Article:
Many people are bitten by dogs that they are familiar with. This means that the dog’s owner might be a friend, a neighbor, or even a family member. In this instance, the victim may not want to “sue” the person they are familiar with but might still need help paying their medical bills, recouping lost wages, and offsetting other losses.
In most cases, you will file a claim under the homeowners’ insurance or renters’ insurance policy held by the dog’s owner. You could be compensated this way, without the dog’s owner paying anything out of pocket.
These policies typically provide liability coverage that includes dog attacks. In less common cases, a company’s general liability policy may cover a dog bite if the dog was owned by or under the control of an agent of the company. Additional coverage may be available under an umbrella policy – a type of insurance held by some wealthier individuals.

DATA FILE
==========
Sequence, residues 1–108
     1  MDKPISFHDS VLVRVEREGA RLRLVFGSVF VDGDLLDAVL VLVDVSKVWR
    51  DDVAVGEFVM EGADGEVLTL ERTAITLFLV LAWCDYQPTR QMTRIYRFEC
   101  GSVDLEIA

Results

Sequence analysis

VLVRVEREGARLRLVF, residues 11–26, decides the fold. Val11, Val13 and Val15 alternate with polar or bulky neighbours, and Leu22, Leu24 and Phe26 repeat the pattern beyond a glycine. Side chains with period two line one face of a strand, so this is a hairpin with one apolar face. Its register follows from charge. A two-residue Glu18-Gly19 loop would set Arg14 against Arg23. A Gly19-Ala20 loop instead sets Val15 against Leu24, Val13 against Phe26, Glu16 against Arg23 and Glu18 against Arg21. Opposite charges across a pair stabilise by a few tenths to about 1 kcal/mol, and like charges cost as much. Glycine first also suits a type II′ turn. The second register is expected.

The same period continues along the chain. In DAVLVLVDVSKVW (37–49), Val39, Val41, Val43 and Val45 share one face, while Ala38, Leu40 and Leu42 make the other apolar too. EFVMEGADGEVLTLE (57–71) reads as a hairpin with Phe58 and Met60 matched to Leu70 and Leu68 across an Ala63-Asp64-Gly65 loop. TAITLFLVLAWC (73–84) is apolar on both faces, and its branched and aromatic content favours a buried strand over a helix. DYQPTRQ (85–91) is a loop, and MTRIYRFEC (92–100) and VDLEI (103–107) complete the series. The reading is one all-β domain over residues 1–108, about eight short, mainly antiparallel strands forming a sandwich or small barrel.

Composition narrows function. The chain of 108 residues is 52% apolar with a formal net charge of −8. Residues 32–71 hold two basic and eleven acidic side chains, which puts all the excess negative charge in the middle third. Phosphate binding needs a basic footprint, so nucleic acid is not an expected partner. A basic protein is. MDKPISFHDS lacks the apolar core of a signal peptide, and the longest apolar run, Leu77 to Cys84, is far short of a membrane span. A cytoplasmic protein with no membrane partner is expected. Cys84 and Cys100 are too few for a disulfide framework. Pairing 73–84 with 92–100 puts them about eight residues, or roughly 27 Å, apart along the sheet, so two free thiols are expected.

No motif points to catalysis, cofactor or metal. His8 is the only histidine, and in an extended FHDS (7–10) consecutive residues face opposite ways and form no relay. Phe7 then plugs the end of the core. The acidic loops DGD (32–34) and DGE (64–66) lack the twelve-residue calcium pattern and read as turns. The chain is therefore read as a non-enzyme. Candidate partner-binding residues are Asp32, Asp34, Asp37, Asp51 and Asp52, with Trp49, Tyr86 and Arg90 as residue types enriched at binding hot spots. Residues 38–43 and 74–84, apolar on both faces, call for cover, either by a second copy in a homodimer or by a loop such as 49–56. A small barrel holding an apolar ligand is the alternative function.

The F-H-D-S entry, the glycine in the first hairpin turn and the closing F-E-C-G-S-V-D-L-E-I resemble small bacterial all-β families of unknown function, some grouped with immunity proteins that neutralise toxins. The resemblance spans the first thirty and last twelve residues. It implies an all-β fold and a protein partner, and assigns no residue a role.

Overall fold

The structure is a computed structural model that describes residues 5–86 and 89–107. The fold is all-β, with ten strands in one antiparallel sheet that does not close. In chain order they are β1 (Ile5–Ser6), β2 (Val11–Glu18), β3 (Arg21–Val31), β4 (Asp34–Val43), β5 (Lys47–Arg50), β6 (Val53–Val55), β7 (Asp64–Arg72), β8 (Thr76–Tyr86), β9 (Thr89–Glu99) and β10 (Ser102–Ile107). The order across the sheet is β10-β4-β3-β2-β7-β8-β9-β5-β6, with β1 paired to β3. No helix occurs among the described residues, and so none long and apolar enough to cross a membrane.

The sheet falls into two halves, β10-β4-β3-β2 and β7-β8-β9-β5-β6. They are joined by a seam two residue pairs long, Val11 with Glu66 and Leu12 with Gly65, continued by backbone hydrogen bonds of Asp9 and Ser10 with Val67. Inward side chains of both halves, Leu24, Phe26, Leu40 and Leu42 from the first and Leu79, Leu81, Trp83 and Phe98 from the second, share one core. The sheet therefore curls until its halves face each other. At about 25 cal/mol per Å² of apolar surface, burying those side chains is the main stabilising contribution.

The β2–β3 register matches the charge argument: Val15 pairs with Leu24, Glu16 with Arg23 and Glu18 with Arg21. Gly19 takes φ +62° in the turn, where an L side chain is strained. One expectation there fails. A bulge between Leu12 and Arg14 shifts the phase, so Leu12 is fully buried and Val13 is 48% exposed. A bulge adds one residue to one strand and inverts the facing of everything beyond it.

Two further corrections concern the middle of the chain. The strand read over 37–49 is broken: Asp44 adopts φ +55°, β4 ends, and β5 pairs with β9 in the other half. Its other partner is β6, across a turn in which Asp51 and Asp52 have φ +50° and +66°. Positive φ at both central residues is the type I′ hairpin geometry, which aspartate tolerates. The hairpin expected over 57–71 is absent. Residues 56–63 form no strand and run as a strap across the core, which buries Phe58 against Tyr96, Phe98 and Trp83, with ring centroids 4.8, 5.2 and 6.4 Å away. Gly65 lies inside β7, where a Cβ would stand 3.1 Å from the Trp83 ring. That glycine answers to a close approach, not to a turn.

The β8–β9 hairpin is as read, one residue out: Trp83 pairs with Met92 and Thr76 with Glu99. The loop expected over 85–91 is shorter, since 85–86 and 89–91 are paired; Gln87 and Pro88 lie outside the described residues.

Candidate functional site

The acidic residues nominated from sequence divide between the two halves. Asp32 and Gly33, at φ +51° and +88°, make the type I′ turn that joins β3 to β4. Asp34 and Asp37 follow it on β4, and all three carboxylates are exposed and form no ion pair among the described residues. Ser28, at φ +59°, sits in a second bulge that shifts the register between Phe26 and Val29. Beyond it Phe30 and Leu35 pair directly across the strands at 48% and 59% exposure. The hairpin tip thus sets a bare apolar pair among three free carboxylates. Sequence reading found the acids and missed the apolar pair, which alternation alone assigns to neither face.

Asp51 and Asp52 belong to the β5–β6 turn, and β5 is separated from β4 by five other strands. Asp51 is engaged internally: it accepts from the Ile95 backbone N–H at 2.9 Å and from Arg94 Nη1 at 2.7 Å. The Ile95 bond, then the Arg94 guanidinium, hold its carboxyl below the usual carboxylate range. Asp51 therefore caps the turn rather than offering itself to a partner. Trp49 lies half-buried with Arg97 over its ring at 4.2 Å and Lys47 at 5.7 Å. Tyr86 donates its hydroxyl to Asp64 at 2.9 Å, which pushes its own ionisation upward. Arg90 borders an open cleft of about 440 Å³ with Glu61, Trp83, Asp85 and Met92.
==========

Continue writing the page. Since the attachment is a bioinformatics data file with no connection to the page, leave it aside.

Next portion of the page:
Your attorney can serve as your voice in all communications with the insurance company, the dog’s owner, and anyone else involved in the case. In many situations, your attorney will present a claim to the insurer and negotiate for a settlement that covers your losses.
If a fair offer cannot be reached, or North Carolina’s three-year statute of limitations is approaching, you may need to file a personal injury lawsuit to seek compensation for your injuries. Our dog bite injury attorneys aren’t afraid to take cases to trial. We’re prepared to fight aggressively in court on your behalf should it become necessary.
Dog bite injuries can be some of the most complicated personal injury cases that can occur in North Carolina. You’ll want help from an experienced lawyer from Teddy, Meekins & Talbert, P.L.L.C. for your case. Get your free initial consultation today by calling our Shelby office or filling out the form on our contact page.